Be Here Now
I’ve been struggling to finish up the next installment of my retrospective on our trip to Washington last month. (Not struggling because it is unenjoyable, but because I can’t seem to decide which images to share… I’m terrible like that when it comes to making up my mind.) Meanwhile, ever since we returned home, the lure to be outside for large portions of the day grows stronger and stronger. Spring is in full swing and the sight of deer peeking out of tall grasses and the sounds of birds singing their best courtship arias are hard things to resist. (Not to mention the bevy of awesome insects that have arrived and promise a new discovery nearly every day!!) I promised myself that I wouldn’t share any of my recent pics until I’d finished with the tales of our trip — BUT WHO AM I KIDDING??? Some things just need to be shared… especially with friends. I hope you enjoy and be sure to click on the images for embiggened viewing!
The Coast Range Newts (Taricha torosa torosa) are one of my favorite annual phenomena. Though they live in the area year-round, they are only easily observable at the end of Winter and through Spring when they leave their moist terrestrial hide-outs to congregate in the seasonal creek and breed. As they are extremely toxic, the adults have very few known predators, but CaliforniaHerps.com states: “Southern California populations have suffered population declines due to habitat loss and alteration caused by human activity, and from introduced predatory mosquitofish, crayfish, and bullfrogs, which eat the non-poisonous larvae and eggs. Breeding ponds have been destroyed for development, and stream pools used for breeding have been destroyed by sedimentation caused by wildfires.”
This has been a banner year for them thus far and their numbers seem very healthy… which makes me very happy!
Storksbill (Erodium), also known as filaree or heron’s bill, is a non-native that grows rather prolifically here in the canyon.
Its small flowers aren’t very showy, but as with anything in nature, a closer look reveals all kinds of intricate beauty.
I never tire of looking at (and photographing) clouds. The sky on this day was doing some crazy things and I was fascinated by the organic shapes being created…
Does anyone else see a face on the right?
Yup! It’s gotten warm enough for the rattlesnakes to be out basking again. This curled-up juvenile Southern Pacific Rattlesnake (Crotalus oreganus helleri) was about the diameter of an English muffin when I spotted it behind my house last week.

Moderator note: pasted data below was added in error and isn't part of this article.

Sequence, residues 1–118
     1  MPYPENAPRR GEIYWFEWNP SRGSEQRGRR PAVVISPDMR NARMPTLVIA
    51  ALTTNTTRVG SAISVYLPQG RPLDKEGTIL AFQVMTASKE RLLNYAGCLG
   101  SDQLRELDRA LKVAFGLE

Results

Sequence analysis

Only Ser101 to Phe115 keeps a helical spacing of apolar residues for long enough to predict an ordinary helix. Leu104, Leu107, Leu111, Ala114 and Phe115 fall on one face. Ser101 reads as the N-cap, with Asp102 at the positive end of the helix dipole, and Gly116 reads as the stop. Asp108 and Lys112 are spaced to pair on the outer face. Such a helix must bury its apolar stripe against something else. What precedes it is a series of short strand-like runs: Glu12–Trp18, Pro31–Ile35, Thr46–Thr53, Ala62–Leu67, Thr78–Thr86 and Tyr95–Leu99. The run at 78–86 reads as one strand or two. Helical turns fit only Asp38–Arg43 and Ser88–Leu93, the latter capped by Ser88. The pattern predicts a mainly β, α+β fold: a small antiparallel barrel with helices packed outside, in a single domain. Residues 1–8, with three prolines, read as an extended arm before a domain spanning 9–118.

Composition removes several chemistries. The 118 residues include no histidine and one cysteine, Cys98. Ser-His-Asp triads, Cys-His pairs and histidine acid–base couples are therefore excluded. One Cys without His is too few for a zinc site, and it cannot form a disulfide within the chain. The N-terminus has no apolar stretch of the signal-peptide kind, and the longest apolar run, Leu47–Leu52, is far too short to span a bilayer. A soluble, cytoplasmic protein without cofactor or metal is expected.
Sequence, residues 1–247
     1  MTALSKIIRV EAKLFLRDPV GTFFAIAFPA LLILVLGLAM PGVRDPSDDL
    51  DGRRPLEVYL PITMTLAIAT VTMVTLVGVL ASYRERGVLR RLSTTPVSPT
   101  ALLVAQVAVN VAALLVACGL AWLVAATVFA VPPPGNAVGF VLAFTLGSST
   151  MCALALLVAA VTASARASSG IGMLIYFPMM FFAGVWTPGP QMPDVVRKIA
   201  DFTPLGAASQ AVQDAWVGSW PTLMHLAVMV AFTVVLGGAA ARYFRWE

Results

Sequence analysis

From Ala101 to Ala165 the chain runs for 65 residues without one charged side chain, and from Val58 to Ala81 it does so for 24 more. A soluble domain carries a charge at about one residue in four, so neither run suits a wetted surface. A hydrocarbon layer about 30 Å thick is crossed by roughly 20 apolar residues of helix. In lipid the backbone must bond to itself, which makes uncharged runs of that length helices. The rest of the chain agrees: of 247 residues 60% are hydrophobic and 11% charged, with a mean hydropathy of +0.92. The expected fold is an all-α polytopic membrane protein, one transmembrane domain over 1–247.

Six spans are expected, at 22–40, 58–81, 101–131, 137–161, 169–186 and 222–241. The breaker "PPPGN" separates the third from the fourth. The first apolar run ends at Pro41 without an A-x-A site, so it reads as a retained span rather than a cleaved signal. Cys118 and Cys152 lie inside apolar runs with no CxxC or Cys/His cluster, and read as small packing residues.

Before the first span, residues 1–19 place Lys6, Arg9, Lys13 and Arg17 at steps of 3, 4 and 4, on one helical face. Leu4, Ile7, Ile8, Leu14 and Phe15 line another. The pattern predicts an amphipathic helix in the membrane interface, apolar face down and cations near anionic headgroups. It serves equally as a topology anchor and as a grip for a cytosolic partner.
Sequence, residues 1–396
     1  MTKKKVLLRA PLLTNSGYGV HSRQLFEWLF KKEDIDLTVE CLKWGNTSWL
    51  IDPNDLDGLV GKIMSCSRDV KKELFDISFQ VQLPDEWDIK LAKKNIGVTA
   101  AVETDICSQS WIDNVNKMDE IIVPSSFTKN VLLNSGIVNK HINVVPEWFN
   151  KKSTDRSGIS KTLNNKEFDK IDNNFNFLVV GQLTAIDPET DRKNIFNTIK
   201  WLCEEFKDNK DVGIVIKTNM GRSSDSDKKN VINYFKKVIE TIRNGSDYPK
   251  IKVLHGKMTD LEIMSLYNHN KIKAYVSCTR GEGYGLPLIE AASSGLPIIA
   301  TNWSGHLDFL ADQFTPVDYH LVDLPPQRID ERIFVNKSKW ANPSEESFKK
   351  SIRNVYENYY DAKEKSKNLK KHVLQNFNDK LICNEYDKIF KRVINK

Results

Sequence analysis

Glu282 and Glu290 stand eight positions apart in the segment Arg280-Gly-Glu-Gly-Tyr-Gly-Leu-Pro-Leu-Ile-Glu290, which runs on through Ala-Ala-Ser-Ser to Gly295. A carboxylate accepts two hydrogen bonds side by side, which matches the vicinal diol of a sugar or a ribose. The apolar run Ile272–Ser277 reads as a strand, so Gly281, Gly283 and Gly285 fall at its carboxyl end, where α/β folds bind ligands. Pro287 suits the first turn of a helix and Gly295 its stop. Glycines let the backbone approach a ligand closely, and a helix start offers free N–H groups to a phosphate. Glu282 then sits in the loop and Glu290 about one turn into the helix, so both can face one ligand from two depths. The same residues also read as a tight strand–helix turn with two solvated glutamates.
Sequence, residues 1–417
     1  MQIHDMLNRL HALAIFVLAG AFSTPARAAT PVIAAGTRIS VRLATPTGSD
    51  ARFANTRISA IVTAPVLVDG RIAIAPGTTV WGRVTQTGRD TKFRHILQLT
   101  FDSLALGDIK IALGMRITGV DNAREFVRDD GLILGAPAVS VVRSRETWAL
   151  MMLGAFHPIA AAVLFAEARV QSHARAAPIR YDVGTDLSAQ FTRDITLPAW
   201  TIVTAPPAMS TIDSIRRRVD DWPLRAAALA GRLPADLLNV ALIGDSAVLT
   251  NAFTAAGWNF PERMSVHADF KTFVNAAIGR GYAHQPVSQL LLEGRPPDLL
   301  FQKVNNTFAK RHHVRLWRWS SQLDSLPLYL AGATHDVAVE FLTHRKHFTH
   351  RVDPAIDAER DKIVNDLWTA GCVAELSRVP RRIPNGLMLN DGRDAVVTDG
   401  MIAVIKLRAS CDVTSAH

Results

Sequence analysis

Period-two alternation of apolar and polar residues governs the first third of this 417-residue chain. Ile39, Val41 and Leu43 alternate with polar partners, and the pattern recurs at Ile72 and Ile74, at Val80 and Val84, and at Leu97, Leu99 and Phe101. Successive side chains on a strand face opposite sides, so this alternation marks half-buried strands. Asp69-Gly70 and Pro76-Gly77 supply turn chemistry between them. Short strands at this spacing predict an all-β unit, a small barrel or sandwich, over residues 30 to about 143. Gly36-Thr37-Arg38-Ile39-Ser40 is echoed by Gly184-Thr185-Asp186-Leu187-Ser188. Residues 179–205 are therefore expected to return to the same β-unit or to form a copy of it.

A few days earlier, I saw a curled-up full-grown adult — closer to a medium-sized pizza in that case. *grin*
The Mule Deer (Odocoileus hemionus) population this year seems to have grown. I have no good way of knowing exactly how many might live in this canyon, but I do keep track of how many I’ve seen together at the same time. Last month, I trumped my high count (by several!) when I saw a group of nineteen foraging together.
I really, really, really, want to know what this deer is saying… any guesses? *big grin*
As I mentioned, this is definitely a fantastic time of year to be out if you enjoy studying arthropods! The native Convergent Ladybeetles (Hippodamia convergens) were some of the first insects to start gathering in the lush grasses and new vegetation. [Whoops! I initially mistyped that these were a non-native species.]
As you can see, they are well on their way to creating the next generation.
Earlier this week, I stood watching the sky long after the sun had set. At first it was all dark blues and purples, but then something shifted and I looked up and saw this…
Can the sky really be that color, I thought? Yes, yes it can…
OK, yes, I know this is a picture of a blurry bird… but, I have a fondness for such things and I especially like this one.
*** Super extra-credit bonus points to the first person who can tell me which bird species this is! ***
For those of you for whom Spring has arrived, may you have the time to appreciate all the wonders it has to offer. And for those who are still patiently awaiting an end to cold and wet weather, may the anticipation make its arrival all the sweeter.